The first plot twist of the film adaptation of E.L. James’ 50 Shades of Grey has been released more than three months before the actual film will be. According to Jamie Dornan’s interview in the Guardian, there will be no male nudity.
It’s hard to critique a film’s artistic decisions without having seen the movie, but this revelation still comes as quite a surprise. Fifty Shades is a novel trilogy whose hook is sex, and kinky sex at that. Nevertheless, it looks like women around the world won’t be seeing one single glimpse of Christian Grey’s willy.
What was behind this decision by the filmmakers? Dornan explained it as this: “You want to appeal to as wide an audience as possible without grossing them out. You don’t want to make something gratuitous, and ugly, and graphic.” He goes on to say, “I’m aware of what we shot, and it wasn’t as if we shot a film without any action.”
Graphic sex scenes would be “grossing” women out? This move is not about shielding the eyes of its innocent viewers, but rather the filmmakers abandoning their base, just because Hollywood does not trust a sexualized female audience.
The film clearly caters to women in general and, specifically, those who have read the books. Its level of sexuality should not be a surprise to anyone who is already planning to see it in theaters. The books are clearly labeled erotic fiction and are filled with gratuitous and graphic sex. None of that stopped the novels from becoming overwhelmingly popular.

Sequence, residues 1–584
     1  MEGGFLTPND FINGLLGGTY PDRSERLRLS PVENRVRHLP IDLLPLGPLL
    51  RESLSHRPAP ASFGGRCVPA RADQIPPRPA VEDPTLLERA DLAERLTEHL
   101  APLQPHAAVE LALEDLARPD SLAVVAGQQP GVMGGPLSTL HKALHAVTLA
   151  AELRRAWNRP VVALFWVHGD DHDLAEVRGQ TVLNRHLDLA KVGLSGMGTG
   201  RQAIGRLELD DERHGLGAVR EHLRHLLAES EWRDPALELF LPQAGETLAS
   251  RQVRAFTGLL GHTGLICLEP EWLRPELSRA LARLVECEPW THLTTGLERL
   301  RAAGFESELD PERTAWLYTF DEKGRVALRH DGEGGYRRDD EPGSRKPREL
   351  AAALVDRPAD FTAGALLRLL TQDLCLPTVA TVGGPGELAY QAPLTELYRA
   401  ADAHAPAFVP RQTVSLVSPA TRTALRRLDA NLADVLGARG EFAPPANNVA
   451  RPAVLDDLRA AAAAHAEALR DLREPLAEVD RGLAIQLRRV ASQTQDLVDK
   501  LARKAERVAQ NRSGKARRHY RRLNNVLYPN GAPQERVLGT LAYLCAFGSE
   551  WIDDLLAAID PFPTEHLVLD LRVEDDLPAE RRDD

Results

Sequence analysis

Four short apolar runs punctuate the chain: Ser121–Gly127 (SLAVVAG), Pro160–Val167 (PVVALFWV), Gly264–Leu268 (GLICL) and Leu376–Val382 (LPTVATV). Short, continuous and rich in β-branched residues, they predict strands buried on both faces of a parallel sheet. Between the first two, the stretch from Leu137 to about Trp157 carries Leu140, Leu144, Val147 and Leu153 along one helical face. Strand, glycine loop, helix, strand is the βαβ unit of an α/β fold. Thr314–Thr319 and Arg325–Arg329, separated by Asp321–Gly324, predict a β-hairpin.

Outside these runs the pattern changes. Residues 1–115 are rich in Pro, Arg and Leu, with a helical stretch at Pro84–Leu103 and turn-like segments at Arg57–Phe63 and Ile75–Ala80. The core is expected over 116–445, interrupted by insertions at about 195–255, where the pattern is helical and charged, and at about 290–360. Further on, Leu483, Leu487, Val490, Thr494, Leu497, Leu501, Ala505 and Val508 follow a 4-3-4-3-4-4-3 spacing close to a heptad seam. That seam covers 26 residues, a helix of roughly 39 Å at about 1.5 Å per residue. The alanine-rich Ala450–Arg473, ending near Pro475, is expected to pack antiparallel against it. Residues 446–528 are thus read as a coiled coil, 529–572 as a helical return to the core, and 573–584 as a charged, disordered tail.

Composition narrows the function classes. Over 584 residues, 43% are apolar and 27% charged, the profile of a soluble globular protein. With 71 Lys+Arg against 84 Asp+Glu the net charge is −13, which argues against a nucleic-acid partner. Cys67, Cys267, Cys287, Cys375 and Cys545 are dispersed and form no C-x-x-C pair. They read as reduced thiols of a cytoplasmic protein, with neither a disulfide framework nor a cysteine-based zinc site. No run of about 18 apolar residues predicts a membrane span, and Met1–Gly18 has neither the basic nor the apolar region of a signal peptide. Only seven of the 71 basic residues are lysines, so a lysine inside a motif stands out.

Gratuitous female nudity is incredibly prevalent in Hollywood, while male nudity remains fairly sparse. It’s so rare to see a big star nude that the Internet has been freaking out for an entire month about a glimpse of Ben Affleck’s penis in Gone Girl. Coming from an industry that makes quite a lucrative living from sexualizing women and even children, it’s telling that showing a full-frontal Jamie Dornan would perhaps be seen as “gratuitous, ugly, and graphic.”
However, if there’s one thing that the success of Magic Mike taught us, it’s that there is a demographic of women that are not afraid of sex at the movies. It’s an unfortunate mistake that director Sam Taylor-Johnson and Universal Pictures are abandoning the key elements of 50 Shades that garnered it so much success in the first place.
Of course, for female audiences, it’s about more than the “D.” In a 2010 study, scientists found that the female brain approaches nudity and pornography differently than the male brain does. Plenty of women indulge in porn, but they need more than just looking at naked dudes. Women tend to get turned on from multiple stimuli, like sexual elements combined with a storyline or a sensual situation. This is why a woman can derive from pleasure from sending a sext, but not necessarily from receiving one without much context.
Pornography is not generally heralded for its character development or intriguing storylines, which is one reason why women are not necessarily so eager to consume it with the same fervor as men. But 50 Shades of Grey offers the intersection of the two, providing women with three novels worth of sexual imagery and a plot. The film version could be like getting lost in the romance of The Notebook but also getting to indulge in every dirty detail of the Ryan Gosling sex scene.